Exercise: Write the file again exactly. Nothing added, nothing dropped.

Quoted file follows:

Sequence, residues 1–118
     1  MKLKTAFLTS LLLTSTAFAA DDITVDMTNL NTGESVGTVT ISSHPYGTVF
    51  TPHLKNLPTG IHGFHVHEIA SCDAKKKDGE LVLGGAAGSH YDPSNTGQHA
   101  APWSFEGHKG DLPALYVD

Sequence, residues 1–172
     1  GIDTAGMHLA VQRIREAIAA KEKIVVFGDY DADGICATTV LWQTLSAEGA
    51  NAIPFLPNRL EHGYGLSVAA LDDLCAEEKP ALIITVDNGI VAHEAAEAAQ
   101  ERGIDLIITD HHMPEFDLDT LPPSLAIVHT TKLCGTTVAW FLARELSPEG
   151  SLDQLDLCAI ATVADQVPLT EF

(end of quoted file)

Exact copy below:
Sequence, residues 1–118
     1  MKLKTAFLTS LLLTSTAFAA DDITVDMTNL NTGESVGTVT ISSHPYGTVF
    51  TPHLKNLPTG IHGFHVHEIA SCDAKKKDGE LVLGGAAGSH YDPSNTGQHA
   101  APWSFEGHKG DLPALYVD

Sequence, residues 1–172
     1  GIDTAGMHLA VQRIREAIAA KEKIVVFGDY DADGICATTV LWQTLSAEGA
    51  NAIPFLPNRL EHGYGLSVAA LDDLCAEEKP ALIITVDNGI VAHEAAEAAQ
   101  ERGIDLIITD HHMPEFDLDT LPPSLAIVHT TKLCGTTVAW FLARELSPEG
   151  SLDQLDLCAI ATVADQVPLT EF